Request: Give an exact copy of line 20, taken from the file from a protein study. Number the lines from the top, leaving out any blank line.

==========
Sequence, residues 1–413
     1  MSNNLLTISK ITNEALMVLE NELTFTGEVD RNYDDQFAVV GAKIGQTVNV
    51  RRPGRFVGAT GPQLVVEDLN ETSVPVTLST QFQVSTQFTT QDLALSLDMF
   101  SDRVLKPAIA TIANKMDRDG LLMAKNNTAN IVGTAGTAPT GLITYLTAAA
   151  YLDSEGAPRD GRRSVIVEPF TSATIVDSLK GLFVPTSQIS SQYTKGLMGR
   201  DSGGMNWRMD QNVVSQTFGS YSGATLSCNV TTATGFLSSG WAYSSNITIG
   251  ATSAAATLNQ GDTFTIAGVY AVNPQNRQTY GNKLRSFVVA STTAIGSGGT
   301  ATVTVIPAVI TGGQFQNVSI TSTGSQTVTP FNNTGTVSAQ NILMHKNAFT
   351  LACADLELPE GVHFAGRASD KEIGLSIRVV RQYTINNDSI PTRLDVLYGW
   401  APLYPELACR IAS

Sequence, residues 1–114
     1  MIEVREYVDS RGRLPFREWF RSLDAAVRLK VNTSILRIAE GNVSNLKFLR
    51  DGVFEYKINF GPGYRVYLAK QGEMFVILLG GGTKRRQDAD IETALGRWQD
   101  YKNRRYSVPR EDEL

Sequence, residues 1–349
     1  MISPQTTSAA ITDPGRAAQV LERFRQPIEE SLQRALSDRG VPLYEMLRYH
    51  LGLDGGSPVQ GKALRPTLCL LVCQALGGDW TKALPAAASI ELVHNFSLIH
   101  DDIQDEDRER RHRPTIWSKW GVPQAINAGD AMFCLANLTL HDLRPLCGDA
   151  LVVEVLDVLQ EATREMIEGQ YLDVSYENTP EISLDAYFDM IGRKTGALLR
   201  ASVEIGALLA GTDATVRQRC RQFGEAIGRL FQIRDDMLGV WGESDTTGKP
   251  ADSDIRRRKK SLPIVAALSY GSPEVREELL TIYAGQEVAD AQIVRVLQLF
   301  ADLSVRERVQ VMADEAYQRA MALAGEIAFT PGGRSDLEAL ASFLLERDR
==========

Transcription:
   201  ASVEIGALLA GTDATVRQRC RQFGEAIGRL FQIRDDMLGV WGESDTTGKP